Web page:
Kaiser Member Upset Over Hospital Charges

But after receiving a complaint, the Oregon Insurance Division insists the claim was processed correctly

October 11, 2012 -- Susan Chaney is convinced insurance companies are some of the highest profiting companies in America at the expense of people such as herself who deserve the right to affordable healthcare.

She spoke out after her husband, Jerry, a diabetic, was hospitalized at Kaiser Sunnyside in January for a foot ulcer that had gone undiagnosed.

After receiving the bill, Chaney realized their deductible and co-insurance hadn’t been met. That, she said, was never the issue.

Chaney became upset when Kaiser sent paperwork known as an Explanation of Benefits indicating that its medical center had billed $20,809.45 for the surgery, medical equipment and hospital stay, while the allowed amount was $28,300.65. Kaiser paid $24,644.32 toward the bill, while the Chaney’s were left owing $4,029.92.

“How does the hospital get paid $8,000 more than the cost of care?” asked Chaney who sent a complaint to the Oregon Insurance Division. “Everyone seems to think we’re trying to get out of paying, but that’s not the case. This is one reason people can’t afford healthcare is when they have to pay more than the actual cost. We’re the lucky people; we have insurance. But this is absolutely ludicrous.”

Earlier, Chaney had contacted Congressman Earl Blumenauer’s office in Portland, speaking with his casework manager Emily Hebbron who encouraged her to file a complaint with the Insurance Division.

“I want to make sure she gets an answer,” Hebbron said. “And I comment her for looking at the hospital bill so closely. Not everyone would have done so.”

The Insurance Division did look into this issue, according to a letter sent by Dennis Kuckartz, a consumer advocate. “When the allowed amount is greater than the billed charges, the benefits are calculated on the billed charges,” he wrote. “Even if Kaiser Permanente would have only allowed the billed charges, Mr. Chaney’s liability would have been the same. The claim was processed correctly.”

That explanation doesn’t satisfy Chaney. ”I still contend that this is what’s wrong with the entire system. I do not feel that a hospital or doctor or anyone for that matter should be able to negotiate a higher payment than the cost of care. Add that to the fact that then Kaiser tried to ‘strong arm’ us into making payments of nearly $400 a month on our portion when they had  already received $4,000 more than the actual cost of care is absurd. After months and many, many phone calls Kaiser did finally agree to take only $175 per month until our portion is paid.”

For its part, Kaiser couldn’t discuss the case because of HIPAA rules, but when asked to explain the difference between billed and allowed amounts, David Northfield, media relations manager, told The Lund Report:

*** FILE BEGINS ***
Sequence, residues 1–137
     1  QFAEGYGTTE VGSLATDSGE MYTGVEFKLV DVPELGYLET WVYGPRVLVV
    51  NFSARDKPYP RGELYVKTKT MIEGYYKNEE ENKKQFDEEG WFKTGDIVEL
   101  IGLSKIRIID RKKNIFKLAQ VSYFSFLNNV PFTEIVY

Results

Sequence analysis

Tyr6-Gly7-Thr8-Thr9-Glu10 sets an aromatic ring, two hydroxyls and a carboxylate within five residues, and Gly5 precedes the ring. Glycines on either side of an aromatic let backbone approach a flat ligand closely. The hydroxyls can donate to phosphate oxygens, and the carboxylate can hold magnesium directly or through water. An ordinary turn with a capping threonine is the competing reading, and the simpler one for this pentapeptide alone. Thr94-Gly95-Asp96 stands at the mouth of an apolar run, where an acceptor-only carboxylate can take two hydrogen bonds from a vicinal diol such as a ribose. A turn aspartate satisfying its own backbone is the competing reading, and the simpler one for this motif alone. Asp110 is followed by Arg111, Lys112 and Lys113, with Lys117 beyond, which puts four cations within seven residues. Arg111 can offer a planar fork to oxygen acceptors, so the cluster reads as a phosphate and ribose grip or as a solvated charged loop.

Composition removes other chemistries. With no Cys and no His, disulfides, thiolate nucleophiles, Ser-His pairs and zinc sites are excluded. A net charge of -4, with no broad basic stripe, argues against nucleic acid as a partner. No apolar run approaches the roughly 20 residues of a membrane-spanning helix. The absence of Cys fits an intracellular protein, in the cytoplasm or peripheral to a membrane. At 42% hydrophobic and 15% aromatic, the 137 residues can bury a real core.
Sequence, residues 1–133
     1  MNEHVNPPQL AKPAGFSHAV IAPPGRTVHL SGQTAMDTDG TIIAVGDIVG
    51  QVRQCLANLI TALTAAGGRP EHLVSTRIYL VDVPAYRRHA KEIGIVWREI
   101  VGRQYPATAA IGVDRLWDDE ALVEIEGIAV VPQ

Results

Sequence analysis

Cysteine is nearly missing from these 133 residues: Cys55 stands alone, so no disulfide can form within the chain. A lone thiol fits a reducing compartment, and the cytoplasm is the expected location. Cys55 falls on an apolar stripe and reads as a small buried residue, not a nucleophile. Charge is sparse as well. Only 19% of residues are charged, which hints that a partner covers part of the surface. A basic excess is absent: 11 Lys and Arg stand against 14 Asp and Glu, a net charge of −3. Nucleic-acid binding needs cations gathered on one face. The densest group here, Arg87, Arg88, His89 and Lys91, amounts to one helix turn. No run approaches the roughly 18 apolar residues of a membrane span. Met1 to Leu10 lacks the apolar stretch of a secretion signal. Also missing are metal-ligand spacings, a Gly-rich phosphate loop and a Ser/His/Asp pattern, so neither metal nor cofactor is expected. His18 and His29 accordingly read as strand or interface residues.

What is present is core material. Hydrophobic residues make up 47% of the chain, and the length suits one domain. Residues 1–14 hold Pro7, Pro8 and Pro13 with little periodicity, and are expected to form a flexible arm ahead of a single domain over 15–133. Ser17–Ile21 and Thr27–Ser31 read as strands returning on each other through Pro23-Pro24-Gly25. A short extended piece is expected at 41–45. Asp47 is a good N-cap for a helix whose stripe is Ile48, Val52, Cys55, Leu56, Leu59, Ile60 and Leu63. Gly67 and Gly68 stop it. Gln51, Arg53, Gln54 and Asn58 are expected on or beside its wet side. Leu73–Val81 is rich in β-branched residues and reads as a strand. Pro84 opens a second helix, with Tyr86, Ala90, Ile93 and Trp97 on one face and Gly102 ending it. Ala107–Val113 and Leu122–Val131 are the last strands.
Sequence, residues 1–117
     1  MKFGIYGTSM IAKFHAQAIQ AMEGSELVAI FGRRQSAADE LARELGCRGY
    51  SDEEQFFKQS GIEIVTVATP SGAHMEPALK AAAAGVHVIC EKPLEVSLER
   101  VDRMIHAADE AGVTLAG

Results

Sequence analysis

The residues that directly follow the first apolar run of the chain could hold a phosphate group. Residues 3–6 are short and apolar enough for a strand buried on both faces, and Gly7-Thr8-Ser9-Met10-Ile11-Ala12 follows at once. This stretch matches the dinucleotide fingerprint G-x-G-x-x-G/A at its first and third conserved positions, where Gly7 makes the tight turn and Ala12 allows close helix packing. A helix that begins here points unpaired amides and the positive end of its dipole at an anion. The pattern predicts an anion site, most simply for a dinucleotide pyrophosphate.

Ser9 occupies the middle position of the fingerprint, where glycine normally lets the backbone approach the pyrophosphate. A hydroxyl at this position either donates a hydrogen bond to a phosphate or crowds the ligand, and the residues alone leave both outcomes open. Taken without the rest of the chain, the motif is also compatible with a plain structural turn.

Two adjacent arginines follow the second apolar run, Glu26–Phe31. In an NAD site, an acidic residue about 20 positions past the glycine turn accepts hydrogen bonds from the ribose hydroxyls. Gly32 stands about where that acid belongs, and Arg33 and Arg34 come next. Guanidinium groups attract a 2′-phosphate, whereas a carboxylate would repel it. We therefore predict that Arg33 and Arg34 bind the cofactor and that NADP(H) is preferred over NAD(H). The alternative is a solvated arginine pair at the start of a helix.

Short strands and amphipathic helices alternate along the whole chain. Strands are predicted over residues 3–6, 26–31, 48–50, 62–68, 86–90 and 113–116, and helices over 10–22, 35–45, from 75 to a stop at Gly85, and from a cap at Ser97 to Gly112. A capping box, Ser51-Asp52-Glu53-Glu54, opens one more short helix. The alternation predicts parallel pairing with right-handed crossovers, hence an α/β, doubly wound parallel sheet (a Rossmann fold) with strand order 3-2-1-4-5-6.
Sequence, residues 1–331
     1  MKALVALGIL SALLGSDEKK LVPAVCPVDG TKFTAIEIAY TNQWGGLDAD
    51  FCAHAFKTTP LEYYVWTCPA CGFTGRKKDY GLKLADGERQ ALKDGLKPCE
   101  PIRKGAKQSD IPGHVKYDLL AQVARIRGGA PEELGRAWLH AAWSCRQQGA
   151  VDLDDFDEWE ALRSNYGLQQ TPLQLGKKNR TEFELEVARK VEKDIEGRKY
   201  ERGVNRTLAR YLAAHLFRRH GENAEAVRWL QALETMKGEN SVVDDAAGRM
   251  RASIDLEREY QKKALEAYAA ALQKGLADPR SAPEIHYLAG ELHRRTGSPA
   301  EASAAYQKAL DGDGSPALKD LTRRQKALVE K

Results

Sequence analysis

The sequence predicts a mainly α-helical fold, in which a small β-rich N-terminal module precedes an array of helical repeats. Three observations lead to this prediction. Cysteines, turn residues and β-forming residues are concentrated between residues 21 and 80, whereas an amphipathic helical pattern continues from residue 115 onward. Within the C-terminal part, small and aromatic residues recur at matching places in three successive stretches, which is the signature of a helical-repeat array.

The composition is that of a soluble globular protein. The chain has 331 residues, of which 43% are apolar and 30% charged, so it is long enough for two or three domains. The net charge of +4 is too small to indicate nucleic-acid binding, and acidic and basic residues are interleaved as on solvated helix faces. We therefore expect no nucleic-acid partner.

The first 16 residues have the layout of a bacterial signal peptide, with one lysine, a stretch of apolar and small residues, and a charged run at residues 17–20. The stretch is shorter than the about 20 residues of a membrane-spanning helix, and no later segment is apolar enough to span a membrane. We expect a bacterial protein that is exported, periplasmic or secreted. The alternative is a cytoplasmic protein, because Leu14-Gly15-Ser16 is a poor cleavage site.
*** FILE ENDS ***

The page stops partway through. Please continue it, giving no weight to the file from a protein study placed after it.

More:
“The billed amount is the charge for the service or services (the "real" charges"). The allowed amount is the amount that is considered for payment. It can be more than, less than, or equal to the amount billed depending on negotiated contracts or payment methodology.”

When members disagree about the information in an Explanation of Benefit, they should contact Kaiser Permanente’s Membership Services to review the information and have the charges explained and told about how the claim was processed, Northfield said.

“If the member is not satisfied with the response, the member call will be escalated to a lead or supervisor. If the member speaks to the lead/supervisor and is still not satisfied, we advise the member can put their concerns in writing and send to Member Relations.”

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Comments

Kaiser has some explaining to do to the public and its members because with all effort the insurance industry has put into driving healthcare costs down, it isn't enough for their spokes person to say that the allowed amount can be MORE than the billed amount when most insurers are paying LESS than the billed amount! Kaiser is verticially integrated so it is really taking money out of its left pocket and putting it into its right pocket when it pays its own providers but seriously what is with higher allowed amounts? Please do tell. Is this how Kaiser pays provider incentives? Every member of Kaiser should call in flooding Kaiser's member service line asking these questions. I am not even a Kaiser member but I am dying to understand why an insurer would negotiate contracts rates higher than the amounts billed!

While this seems wrong, it's very likely that her claim was paid based on the DRG, not the actual cost. Some contracts between providers and insurers involve an agreement to pay the same amount for a specific episode of care, regardless of actual cost. In this case her cost of care was less than that amount, but in many cases this helps keep the cost of more complex stays down. Without this form of agreement hospitals would be encouraged to 'upcode' or bill for more services. This actually keeps costs in line.